AdvocateKhoj
Login : Advocate | Client
Home Post Your Case My Account Law College Law Library
    

Supreme Court Judgments


Latest Supreme Court of India Judgments 2019

Subscribe

RSS Feed img






Shri Mahadeo Paikaji Kolhe Yavatmal Vs. The State of Bombay [1961] INSC 136 (4 April 1961)

GAJENDRAGADKAR, P.B.

SARKAR, A.K.

WANCHOO, K.N.

GUPTA, K.C. DAS AYYANGAR, N. RAJAGOPALA

CITATION: 1961 AIR 1517 1962 SCR (1) 733

CITATOR INFO :

R 1962 SC 694 (28,67) R 1967 SC1110 (11) R 1970 SC 439 (14)

ACT:

Agricultural Land-Amendment of law relating to tenanciesConstitutional validity of enactment Bombay Tenancy and Agricultural Lands (Vidarbha Region and Kutch Area) Act, 1958 (Bom. 99 of 1958).

HEADNOTE:

The petitioners challenged the constitutional validity of the Bombay Tenancy and Agricultural Lands (Vidarbha Region and Kutch Area) Act, 1958, which extended the provisions of the Bombay Tenancy and Agricultural Lands (Amendment) Act, 1956, to Vidarbha and Kutch. That Act was declared valid by this Court in Sri Ram Narain Medhi v. The State of Bombay, [1950] Supp. 1 S.C.R. 489, and one of the reason-, for doing so was that the lands covered by that Act fell within the definition of the word 'estate' contained in the Bombay Land Revenue Code, 1879. The lands in question in the present petitions were situated in Amraoti and Yeotmal and the existing law relating to land tenures in force in that area was the Madha Pradesh Land Revenue Code, 1954. This Code did not employ the word ,estate' and it was contended by the petitioners that the impugned Act was not within the protection of Art. 31A of the Constitution.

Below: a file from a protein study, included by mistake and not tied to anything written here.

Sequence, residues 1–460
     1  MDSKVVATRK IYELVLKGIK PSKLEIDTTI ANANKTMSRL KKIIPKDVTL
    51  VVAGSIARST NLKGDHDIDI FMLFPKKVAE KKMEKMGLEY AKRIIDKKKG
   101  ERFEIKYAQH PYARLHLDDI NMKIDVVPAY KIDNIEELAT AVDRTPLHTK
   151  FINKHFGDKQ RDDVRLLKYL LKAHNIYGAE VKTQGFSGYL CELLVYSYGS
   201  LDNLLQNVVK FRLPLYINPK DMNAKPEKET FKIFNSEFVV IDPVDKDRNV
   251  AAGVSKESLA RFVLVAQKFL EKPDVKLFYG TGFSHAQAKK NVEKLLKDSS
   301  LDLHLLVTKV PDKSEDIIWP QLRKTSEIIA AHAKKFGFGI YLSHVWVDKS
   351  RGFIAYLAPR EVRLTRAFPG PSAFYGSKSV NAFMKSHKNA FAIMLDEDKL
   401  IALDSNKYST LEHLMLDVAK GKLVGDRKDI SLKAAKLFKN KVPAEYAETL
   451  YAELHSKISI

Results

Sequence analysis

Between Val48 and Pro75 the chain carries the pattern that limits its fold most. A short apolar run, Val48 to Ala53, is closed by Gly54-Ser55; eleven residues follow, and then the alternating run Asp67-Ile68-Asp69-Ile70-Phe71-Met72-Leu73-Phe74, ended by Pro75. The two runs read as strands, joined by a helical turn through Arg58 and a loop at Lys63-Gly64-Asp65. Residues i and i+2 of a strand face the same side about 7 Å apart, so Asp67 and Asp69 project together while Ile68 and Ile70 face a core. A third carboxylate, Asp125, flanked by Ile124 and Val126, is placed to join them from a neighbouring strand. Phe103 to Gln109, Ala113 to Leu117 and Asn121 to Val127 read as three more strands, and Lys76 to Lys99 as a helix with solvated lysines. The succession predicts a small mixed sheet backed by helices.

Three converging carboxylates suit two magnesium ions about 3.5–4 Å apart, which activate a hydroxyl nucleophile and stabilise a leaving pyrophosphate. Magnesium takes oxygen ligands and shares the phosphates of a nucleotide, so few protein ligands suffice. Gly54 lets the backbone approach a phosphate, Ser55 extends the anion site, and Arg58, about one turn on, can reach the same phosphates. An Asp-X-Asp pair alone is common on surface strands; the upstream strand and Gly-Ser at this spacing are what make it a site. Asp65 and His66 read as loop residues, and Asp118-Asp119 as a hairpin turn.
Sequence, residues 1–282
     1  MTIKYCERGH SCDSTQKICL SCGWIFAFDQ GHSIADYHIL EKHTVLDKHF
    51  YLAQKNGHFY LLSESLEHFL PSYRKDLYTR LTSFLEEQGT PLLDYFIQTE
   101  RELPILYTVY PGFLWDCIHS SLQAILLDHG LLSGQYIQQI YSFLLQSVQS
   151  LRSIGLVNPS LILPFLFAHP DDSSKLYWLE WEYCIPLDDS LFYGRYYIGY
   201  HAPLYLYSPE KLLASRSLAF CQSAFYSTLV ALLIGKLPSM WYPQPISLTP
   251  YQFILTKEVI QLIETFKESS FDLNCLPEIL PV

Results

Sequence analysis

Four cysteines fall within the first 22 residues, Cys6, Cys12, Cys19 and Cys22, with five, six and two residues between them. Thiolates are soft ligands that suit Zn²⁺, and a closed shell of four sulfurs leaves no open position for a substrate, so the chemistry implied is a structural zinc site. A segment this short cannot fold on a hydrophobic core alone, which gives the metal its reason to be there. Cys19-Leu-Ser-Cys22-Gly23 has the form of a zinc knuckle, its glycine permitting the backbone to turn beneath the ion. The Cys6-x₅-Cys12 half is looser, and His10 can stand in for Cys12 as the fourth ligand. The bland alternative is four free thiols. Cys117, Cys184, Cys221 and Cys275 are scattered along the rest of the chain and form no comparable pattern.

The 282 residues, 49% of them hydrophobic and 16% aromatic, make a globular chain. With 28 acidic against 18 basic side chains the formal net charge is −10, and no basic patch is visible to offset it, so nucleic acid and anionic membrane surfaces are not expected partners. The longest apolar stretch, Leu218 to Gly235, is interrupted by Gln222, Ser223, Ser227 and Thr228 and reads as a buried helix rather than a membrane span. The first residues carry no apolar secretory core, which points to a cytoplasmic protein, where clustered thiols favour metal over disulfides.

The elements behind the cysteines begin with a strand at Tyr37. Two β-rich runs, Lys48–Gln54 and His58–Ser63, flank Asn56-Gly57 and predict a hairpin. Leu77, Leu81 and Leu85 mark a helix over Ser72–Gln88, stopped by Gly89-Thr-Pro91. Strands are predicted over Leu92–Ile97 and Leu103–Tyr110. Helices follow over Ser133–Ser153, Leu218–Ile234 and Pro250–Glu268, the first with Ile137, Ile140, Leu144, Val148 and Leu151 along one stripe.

Held, that the contention must fail.

Although the Madhya Pradesh Land Revenue Code, 1954, did not employ the word 'estate', the relevant definition contained in ss. 2(17) and 2(18) of impugned Act and ss. 2(7), 2(20) of the Code read with ss. 145 and I46 thereof leaves no manner of doubt that the lands in the possession of the petitioners were tenures and in substance ,in estate.

Since the petitioners held the lards tinder the State and paid land revenue for them, the lands fell within the class of local equivalents of the word 'estate.' as contemplated by Art. 31A(2)(a) of the Constitution.

ORIGINAL JURISDICTION: Writ Petitions Nos. 93 and 125 of 1959.

Petitions under Art. 32 of the Constitution of India for enforcement of Fundamental Rights.

V. M. Limaye, E. Udayarathnam and S. S. Shukla, for the petitioners.

734 H.N. Sanyal, Additional Solicitor-General of India, R. Ganapathy Iyer and D. Gupta, for the respondent.

W. S. Barlingay and A. G. Ratnaparkhi, for the Interveners.